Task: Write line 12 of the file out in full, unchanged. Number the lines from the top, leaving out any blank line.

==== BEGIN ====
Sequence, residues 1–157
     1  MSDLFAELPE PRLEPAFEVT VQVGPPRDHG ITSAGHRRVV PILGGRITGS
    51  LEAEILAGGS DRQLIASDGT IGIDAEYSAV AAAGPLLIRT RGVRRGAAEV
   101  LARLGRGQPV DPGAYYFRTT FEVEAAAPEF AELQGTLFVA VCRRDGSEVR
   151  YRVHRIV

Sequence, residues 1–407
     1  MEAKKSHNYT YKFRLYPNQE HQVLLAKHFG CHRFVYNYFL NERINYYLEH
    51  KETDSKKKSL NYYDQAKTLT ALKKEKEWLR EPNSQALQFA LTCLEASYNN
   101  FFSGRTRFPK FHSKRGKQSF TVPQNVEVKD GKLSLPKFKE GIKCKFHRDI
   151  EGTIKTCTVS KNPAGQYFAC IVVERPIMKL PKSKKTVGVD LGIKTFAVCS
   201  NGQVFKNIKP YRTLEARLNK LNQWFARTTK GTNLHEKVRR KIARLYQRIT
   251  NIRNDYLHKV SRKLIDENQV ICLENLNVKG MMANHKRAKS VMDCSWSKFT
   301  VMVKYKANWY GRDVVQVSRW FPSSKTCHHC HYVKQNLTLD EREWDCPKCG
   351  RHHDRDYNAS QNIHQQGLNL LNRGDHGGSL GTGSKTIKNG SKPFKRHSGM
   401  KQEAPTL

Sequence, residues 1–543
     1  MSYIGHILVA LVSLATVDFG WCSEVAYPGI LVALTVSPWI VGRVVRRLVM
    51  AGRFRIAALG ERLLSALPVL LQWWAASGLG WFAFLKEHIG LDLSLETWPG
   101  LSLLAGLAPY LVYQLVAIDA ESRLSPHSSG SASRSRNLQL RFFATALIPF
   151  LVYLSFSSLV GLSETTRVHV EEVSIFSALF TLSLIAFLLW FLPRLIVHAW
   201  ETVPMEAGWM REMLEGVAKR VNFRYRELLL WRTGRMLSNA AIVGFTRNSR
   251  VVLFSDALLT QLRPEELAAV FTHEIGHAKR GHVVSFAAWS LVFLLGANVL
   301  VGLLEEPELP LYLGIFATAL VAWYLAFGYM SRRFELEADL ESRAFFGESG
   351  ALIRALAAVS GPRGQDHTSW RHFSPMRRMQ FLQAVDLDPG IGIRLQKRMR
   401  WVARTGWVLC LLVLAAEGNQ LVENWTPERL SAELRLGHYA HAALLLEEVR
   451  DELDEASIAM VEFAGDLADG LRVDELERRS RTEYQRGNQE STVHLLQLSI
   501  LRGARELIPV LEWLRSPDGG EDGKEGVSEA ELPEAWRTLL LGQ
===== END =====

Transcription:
   251  NIRNDYLHKV SRKLIDENQV ICLENLNVKG MMANHKRAKS VMDCSWSKFT